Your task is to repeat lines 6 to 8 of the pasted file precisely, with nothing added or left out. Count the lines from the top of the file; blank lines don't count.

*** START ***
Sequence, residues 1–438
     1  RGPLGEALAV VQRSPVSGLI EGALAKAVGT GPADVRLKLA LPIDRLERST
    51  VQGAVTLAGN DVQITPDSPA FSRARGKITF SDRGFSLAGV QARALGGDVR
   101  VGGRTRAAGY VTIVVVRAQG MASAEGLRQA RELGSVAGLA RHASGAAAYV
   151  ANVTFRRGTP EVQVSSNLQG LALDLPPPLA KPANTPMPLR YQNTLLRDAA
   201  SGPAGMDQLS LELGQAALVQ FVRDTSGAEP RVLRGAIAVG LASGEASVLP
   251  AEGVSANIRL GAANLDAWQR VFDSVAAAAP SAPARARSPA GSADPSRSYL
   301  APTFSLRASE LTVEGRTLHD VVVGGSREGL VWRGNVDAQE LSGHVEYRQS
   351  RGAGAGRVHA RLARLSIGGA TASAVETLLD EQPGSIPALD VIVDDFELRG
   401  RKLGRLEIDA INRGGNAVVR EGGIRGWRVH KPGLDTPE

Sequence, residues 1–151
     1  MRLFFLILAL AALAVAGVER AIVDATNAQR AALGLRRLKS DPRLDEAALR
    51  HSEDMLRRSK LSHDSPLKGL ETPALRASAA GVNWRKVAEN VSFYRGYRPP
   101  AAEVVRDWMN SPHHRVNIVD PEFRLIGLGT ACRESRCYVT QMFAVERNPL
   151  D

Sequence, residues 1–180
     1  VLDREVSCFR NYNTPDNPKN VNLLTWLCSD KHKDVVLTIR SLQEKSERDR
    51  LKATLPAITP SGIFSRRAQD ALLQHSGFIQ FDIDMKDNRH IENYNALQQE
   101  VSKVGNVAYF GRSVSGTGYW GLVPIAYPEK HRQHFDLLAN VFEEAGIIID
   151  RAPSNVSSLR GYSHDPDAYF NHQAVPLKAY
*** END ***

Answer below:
   201  SGPAGMDQLS LELGQAALVQ FVRDTSGAEP RVLRGAIAVG LASGEASVLP
   251  AEGVSANIRL GAANLDAWQR VFDSVAAAAP SAPARARSPA GSADPSRSYL
   301  APTFSLRASE LTVEGRTLHD VVVGGSREGL VWRGNVDAQE LSGHVEYRQS